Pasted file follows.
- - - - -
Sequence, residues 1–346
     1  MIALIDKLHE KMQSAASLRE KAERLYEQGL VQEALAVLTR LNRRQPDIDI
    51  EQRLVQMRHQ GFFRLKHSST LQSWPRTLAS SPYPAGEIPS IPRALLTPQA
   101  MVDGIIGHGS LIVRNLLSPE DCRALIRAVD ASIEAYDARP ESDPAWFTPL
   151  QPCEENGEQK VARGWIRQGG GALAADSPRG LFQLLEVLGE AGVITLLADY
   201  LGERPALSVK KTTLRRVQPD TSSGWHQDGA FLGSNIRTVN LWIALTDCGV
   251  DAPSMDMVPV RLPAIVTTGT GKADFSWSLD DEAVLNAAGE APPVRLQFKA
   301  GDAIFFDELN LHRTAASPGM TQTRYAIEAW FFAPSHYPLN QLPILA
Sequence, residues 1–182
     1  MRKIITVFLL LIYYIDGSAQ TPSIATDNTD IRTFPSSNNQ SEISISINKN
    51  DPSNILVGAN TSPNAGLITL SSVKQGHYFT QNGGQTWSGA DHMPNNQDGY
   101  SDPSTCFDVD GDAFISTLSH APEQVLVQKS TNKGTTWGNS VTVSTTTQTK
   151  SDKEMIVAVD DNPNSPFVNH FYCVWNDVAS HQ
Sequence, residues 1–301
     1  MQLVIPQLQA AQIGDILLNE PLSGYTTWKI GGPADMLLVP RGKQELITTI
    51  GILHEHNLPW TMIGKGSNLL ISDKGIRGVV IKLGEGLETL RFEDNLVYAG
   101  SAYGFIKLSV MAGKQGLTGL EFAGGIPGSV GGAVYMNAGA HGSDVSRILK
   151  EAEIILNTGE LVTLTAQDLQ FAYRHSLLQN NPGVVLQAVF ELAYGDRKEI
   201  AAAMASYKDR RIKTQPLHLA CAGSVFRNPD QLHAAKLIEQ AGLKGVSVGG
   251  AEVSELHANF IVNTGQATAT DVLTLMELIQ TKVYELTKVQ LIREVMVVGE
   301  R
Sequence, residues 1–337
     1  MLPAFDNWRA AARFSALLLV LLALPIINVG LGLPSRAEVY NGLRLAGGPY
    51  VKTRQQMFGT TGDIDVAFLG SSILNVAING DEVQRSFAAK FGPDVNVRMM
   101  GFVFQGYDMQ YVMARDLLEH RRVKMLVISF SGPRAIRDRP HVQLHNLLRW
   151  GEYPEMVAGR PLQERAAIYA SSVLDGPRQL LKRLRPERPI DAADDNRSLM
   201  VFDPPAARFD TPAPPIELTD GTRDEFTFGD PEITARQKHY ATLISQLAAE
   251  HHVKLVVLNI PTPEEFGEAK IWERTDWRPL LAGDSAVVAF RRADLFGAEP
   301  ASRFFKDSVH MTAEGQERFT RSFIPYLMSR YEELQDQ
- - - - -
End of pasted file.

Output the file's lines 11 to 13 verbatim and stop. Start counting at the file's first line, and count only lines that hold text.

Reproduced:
    51  DPSNILVGAN TSPNAGLITL SSVKQGHYFT QNGGQTWSGA DHMPNNQDGY
   101  SDPSTCFDVD GDAFISTLSH APEQVLVQKS TNKGTTWGNS VTVSTTTQTK
   151  SDKEMIVAVD DNPNSPFVNH FYCVWNDVAS HQ